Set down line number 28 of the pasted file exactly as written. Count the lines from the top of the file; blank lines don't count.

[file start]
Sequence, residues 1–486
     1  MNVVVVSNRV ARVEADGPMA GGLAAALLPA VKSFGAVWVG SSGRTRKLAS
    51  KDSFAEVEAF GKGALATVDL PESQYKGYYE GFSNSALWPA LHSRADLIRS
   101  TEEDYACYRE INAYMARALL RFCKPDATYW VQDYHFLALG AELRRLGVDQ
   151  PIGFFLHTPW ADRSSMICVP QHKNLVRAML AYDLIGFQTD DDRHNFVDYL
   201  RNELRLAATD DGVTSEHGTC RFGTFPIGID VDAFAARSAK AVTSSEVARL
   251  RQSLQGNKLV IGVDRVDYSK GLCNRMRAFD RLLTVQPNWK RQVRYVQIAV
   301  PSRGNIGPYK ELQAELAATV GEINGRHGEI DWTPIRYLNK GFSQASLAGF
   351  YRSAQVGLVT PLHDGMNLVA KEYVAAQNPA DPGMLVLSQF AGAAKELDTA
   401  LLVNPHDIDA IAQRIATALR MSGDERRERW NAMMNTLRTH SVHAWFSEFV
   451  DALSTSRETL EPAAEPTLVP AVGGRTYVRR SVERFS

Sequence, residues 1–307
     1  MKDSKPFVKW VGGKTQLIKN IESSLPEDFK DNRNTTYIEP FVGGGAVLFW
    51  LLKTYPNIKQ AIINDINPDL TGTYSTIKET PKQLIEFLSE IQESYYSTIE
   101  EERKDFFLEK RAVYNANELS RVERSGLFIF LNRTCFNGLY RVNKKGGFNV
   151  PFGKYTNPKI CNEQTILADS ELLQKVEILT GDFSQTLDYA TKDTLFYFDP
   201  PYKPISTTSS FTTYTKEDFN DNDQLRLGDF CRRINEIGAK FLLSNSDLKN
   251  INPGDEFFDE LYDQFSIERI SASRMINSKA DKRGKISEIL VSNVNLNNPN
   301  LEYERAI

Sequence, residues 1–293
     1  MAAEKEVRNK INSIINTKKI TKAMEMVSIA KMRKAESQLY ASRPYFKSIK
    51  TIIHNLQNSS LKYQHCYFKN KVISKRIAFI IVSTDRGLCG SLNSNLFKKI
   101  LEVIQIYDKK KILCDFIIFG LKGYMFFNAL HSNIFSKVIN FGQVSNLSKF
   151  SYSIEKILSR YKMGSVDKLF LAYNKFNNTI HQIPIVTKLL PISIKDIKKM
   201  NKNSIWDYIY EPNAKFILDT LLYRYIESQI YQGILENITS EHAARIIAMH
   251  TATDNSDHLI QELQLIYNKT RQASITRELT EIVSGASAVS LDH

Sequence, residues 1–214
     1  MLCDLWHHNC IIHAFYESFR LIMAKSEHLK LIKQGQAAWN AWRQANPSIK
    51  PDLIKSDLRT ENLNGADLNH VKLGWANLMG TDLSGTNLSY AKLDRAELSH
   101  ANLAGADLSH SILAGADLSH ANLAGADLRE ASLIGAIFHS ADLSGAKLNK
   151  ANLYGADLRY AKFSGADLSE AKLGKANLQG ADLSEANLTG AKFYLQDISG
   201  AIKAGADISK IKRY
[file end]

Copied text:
     1  MLCDLWHHNC IIHAFYESFR LIMAKSEHLK LIKQGQAAWN AWRQANPSIK